Stress on the Grid with the Rise of EVs
International electric vehicle (EV) ownership is expected to reach approximately 125 million units by 2030. It is therefore critical that energy providers and cities in general prepare for a considerable increase in demand for EV charging infrastructure. With many countries having already laid out plans to phase out internal combustion engines by 2050, governments are now offering incentives such as price subsidies and tax reductions to stimulate the EV market.
These trends will have a major impact on public infrastructure and current business models related to private mobility, mobility services, car sharing, public transport, and urban logistics.
As the number of EVs increases, several key problems will inevitably arise. Unmanaged peak load from EV charging will place stress on current electricity grid infrastructure, which will be detrimental to both charging point operators (CPSs) and consumers, because it will lower the quality of charging services across the entire grid. Demand penalties intended to work around this problem will also increase operating costs for CPOs, and this will undoubtedly be passed onto the consumer.
There are two solutions to these problems.
First is the implementation of dynamic loading to the grid. While this will ease pressure on energy infrastructure, it may require considerable modification to charging stations and the grid. It will also invariably reshape electricity consumption patterns. Second is the installation of on-site energy storage systems. With the load shifted from the grid, this will postpone the need to upgrade key infrastructure. Coupled with green energy, this also presents a means for CPOs to significantly reduce their operating costs.
An Immediate Solution for EV Charging Stations: On-Site Energy Storage Systems
From an operational standpoint, the primary problems faced by CPOs include determining a suitable approach to installing charging facilities at existing sites and finding a balance between operational efficiency and service quality. Overcoming these problems largely involves managing power distribution in the face of power capacity constraints while reducing the impact of power supply spikes on the grid. On-site energy storage systems offer an immediate solution.
For CPOs, this presents an opportunity to optimize on-site energy efficiency while easing the stress placed on current energy infrastructure as the market adapts over time. Batteries can be charged during off-peak times to save on electricity costs, and then used to power EV chargers during peak periods to ensure the grid remains stable. In addition to reducing operating costs, on-site energy storage systems will ultimately allow CPOs to provide EV owners with improved charging facilities and build a level of consumer confidence that is needed to further drive the EV market.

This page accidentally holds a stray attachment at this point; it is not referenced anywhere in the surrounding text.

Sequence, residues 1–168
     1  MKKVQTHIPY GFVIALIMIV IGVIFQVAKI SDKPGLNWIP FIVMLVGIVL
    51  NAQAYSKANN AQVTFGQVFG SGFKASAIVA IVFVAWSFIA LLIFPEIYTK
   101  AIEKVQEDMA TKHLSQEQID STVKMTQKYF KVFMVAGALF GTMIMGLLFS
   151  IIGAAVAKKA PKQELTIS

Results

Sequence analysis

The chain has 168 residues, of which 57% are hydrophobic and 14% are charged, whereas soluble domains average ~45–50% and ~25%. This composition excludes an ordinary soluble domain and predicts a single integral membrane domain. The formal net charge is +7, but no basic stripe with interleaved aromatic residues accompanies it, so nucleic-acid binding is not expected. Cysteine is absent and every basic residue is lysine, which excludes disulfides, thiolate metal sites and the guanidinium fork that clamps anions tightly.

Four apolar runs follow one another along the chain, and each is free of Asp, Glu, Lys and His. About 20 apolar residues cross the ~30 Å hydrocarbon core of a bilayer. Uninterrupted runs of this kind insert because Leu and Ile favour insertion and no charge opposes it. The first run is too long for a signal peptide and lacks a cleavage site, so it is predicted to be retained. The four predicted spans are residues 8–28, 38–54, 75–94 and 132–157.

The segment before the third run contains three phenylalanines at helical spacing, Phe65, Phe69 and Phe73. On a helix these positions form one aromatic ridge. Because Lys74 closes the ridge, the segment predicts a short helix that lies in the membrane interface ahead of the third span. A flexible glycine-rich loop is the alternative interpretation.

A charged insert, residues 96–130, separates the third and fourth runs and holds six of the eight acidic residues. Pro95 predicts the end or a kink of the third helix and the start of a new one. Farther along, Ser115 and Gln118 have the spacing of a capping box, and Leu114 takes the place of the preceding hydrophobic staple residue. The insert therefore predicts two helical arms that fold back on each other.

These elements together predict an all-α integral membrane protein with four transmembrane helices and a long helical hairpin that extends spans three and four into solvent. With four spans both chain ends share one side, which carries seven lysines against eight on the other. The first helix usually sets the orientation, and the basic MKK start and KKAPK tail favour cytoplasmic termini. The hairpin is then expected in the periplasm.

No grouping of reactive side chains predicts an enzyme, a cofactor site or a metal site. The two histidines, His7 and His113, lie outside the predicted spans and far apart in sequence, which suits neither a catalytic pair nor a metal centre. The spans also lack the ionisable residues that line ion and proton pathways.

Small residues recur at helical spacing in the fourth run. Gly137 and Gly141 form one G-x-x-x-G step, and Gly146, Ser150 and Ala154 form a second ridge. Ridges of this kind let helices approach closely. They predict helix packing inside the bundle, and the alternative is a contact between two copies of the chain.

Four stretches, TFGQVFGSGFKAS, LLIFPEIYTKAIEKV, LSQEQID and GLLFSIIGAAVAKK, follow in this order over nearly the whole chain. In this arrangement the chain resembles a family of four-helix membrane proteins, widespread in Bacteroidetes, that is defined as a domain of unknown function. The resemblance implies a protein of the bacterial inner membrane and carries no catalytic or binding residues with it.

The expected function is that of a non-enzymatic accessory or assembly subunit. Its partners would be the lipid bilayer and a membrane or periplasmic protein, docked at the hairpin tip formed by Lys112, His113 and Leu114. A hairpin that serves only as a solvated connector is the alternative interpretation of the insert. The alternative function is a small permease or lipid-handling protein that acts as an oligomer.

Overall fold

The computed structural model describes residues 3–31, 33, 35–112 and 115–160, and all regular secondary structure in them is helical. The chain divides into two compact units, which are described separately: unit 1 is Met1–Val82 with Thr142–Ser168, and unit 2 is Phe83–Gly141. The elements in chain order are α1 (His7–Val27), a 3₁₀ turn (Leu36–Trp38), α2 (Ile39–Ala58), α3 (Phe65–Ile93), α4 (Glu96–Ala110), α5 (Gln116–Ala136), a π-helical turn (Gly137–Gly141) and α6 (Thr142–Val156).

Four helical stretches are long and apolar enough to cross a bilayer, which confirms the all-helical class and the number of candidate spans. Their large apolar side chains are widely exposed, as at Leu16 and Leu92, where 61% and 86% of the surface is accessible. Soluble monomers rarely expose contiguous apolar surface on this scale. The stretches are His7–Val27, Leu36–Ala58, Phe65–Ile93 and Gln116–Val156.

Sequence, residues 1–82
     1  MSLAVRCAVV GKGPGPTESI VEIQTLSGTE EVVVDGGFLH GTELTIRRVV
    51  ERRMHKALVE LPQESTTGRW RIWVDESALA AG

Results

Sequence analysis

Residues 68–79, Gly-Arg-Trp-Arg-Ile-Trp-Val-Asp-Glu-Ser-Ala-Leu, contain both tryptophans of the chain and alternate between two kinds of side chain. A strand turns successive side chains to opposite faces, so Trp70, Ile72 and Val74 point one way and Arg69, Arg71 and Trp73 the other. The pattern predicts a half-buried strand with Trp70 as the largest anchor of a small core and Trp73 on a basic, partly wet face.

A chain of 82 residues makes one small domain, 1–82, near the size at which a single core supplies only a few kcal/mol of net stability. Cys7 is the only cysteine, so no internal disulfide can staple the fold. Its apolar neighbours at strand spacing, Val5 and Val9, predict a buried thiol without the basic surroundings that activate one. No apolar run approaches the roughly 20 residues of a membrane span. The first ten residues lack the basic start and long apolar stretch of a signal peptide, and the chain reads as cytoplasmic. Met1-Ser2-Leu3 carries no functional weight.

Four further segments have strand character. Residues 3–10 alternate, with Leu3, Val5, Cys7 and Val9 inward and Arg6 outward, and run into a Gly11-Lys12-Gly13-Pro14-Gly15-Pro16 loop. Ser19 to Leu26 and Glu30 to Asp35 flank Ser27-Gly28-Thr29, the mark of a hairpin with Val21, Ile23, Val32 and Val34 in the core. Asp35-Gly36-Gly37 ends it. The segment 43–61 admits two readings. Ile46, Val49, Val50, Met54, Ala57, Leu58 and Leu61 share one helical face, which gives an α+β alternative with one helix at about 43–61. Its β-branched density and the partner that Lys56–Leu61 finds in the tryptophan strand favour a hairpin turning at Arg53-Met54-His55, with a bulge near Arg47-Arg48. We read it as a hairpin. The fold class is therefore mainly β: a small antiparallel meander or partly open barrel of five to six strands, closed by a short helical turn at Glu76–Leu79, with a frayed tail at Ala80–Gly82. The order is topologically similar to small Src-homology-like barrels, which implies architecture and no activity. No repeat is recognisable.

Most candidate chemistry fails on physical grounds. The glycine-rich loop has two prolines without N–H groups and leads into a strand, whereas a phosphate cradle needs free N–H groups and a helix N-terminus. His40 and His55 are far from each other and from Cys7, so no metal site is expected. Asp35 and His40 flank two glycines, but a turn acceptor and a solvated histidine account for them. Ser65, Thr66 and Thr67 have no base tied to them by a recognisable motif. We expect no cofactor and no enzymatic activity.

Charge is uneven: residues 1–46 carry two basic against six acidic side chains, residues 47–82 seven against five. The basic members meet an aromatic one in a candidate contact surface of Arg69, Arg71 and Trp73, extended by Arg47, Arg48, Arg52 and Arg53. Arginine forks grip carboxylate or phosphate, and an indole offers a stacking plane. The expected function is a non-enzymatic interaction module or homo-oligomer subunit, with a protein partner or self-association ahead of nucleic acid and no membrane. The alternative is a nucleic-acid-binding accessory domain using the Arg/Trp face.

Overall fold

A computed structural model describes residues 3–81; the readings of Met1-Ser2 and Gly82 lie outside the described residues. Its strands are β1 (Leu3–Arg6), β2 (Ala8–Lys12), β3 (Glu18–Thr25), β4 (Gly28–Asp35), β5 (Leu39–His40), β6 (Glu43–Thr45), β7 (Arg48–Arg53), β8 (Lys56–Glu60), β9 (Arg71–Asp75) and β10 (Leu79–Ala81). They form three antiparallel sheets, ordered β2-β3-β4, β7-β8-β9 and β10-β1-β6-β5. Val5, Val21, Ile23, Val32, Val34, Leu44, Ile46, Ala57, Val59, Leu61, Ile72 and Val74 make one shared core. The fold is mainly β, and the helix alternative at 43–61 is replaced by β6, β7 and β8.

The Emergence of Microgrids
To further assisting in coping with the increase in power demand during peak times, the utilization of green energy sources—particularly solar power—can further enhance the implementation of dynamic energy management and installation of on-site energy storage systems.
Suitable energy management systems will allow green energy, such as from solar power, to be stored in on-site batteries and then leveraged so that EVs can still be charged when electricity prices are high during peak times. This means that CPOs need draw power from the grid only when it is more economical to do so. This will be critical not only in reducing the impact of EV charging on the grid, but also in striking a balance between operating costs and service quality.
While construction of this infrastructure will be crucial in urban areas, it also opens up new possibilities for building EV charging stations in more remote locations, such as on intercity roads or in smaller towns where the upgrade of key infrastructure is not as economically feasible.
The benefits of this approach are clear. Utilizing green energy and dynamic energy management at EV charging stations will reduce energy costs for CPOs while having a positive impact on the environment. It will also ensure that grid stability will be maintained under increased power demand during peak periods, effectively transforming EV charging stations into microgrids.
Visit us to learn how Delta’s EV chargers, PV inverters, energy storage systems, and energy management systems form the backbone of solutions paving the way for future EV charging station infrastructure: https://www.deltaevcharging.com/solution.